Suppliers Are a Weak Link – for Now

Weak links in the supply chain change from time to time, but they never really go away. The global recession hit all segments of the tech industry hard, and supplier insolvency remains a leading concern in the electronics supply chain.

“While high-tech manufacturers have been significantly affected by the global recession, their suppliers have been hit even harder — particularly smaller suppliers that may not have the resources to weather a protracted downturn,” writes Simon Ellis, IDC Practice Director, Supply Chain Strategies, in a report conducted by IDC Manufacturing Insights for UPS. “Consequently, supplier insolvency has been a problem, especially where that insolvency interrupts supply of high volume or proprietary components.”

Supplier fallout was a major concern in 2009 and at the beginning of 2010, when there appeared to be no end in sight to the recession. Recent events, such as financial instability in parts of the EU, uncertainty over China's currency moves, and unrest in North and South Korea are all valid reasons for ongoing unease.

During the worst part of the recession, companies began conducting a higher level of financial due diligence when qualifying suppliers and even customers. Distributors frequently extend credit to their customers, and new customers in particular received a high level of scrutiny. Companies should continue to closely investigate their partners' financial viability, Ellis says. “Financial metrics should be included in [suppliers'] service level agreement so that early warning signals can be captured.”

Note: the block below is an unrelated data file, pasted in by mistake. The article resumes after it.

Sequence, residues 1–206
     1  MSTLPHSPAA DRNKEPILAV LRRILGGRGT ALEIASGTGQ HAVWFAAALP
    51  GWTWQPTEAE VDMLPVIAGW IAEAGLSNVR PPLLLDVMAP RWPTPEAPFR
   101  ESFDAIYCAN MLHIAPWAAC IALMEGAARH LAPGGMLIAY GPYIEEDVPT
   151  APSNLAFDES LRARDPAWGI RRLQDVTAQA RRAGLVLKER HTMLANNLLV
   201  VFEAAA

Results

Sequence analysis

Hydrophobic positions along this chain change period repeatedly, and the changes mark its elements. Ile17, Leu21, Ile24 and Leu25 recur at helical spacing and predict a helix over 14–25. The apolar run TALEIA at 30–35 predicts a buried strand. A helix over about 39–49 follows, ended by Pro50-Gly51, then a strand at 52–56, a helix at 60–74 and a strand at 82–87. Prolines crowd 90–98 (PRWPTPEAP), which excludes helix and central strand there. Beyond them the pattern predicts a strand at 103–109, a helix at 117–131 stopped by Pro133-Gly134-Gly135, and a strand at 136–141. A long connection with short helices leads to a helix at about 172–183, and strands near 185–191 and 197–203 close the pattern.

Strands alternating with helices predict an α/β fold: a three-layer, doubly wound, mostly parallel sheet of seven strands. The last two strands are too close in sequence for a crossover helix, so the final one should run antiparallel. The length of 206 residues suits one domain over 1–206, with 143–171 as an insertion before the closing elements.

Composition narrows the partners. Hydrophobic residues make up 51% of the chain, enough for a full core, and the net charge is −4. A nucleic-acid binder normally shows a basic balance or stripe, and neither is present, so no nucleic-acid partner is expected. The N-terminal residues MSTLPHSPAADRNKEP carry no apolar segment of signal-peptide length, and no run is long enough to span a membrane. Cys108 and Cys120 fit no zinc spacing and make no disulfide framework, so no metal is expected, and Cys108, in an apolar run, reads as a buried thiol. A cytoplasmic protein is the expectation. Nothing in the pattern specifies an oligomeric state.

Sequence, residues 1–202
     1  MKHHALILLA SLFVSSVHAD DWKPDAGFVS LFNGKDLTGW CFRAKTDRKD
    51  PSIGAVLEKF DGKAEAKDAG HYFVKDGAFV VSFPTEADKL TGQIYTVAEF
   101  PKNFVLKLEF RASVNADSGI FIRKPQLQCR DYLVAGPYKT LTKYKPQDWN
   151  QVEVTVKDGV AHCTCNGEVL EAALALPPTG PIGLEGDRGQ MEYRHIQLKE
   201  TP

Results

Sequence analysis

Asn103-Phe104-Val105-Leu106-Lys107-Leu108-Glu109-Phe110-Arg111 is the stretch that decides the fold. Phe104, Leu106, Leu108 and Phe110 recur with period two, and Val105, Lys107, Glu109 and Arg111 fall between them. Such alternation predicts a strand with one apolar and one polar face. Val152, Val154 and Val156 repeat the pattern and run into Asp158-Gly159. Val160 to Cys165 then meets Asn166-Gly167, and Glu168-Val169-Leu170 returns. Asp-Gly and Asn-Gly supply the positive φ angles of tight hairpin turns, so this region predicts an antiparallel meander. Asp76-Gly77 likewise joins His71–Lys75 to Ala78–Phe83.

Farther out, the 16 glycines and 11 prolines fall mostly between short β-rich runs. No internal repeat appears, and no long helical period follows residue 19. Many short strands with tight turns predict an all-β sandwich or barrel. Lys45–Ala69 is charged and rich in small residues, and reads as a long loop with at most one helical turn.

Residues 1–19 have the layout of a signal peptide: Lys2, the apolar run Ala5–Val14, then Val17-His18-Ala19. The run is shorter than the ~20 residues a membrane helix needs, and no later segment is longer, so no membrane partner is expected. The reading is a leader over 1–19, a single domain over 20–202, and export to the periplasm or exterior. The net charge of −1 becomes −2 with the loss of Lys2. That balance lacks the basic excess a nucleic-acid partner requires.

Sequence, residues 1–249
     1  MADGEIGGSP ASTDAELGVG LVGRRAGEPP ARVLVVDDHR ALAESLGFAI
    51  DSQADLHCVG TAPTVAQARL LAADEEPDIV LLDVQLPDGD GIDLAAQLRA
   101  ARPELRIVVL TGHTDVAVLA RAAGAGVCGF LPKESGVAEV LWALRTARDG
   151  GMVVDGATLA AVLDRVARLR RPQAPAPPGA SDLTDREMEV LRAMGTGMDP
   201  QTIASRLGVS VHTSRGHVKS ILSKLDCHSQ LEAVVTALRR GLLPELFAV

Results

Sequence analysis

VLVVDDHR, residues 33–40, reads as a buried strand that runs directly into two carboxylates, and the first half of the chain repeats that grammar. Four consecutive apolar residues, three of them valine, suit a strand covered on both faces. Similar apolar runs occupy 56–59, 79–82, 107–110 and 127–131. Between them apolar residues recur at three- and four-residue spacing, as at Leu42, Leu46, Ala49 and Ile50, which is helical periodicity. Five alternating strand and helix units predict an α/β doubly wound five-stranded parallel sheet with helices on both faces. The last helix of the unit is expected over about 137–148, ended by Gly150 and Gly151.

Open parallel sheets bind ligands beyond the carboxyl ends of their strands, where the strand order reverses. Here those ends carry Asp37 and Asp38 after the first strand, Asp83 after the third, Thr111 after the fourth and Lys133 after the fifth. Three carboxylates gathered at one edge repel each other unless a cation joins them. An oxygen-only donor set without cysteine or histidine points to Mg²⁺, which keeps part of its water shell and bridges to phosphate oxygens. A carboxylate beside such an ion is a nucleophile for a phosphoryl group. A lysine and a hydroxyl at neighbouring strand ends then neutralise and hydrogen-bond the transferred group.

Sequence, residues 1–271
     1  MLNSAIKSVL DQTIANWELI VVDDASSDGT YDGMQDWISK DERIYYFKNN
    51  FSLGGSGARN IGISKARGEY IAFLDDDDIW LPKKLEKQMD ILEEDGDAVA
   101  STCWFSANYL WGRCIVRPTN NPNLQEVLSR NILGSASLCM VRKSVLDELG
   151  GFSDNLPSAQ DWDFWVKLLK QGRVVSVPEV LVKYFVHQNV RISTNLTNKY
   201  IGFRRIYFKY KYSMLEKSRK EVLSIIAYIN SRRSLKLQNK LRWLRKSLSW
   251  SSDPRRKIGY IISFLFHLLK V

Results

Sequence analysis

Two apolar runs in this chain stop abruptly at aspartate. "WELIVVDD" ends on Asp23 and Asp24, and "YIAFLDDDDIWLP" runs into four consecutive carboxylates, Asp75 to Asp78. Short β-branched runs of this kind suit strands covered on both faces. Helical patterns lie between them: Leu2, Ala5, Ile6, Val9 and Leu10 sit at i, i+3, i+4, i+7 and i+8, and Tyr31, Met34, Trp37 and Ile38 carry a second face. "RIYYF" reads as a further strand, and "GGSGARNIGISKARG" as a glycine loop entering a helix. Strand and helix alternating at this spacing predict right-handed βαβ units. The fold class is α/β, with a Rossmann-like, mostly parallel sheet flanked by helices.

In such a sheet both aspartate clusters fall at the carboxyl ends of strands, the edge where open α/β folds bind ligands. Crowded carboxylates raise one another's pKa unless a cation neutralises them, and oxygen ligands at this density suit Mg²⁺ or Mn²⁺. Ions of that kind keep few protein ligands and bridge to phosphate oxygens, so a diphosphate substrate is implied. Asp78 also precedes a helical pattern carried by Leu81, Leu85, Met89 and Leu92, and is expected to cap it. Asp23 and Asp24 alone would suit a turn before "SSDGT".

Purchasing organizations should always have guidelines in place for second and third sourcing options, particularly for high-volume commodity products. A certain level of redundancy is not necessarily a bad thing. “Ensure that you have some level of acceptable redundant supply or know where to quickly go for capacity in an emergency,” recommends Ellis. “Certainly, this adds some up-front cost, so a risk assessment is useful in determining where to act.”

The IDC/UPS survey also identified other areas where tech companies can improve. (Supplier instability was actually a close second in the list of concerns.) In order:

  1. End-to-end visibility emerged as the No. 1 weak link, as cited by 48 percent of companies.
  2. Unstable suppliers and demand planning tied for second place, with 44 percent of companies naming each as a weak link area of their supply chains.
  3. Managing inventory came in fourth, with 38 percent of companies calling this a weak link for their supply chains.
  4. Flexibility for handling non-standard requests and orders was named by 33 percent of companies.

These are all familiar, and each has topped the list at some point in time. I was a little surprised to see supplier insolvency ranked so high, because most companies on shaky ground were closed or acquired during 2009. But there are good reasons to remain concerned, and practices adopted during the worst part of the recession shouldn't be relaxed. There will always be a weak link somewhere.

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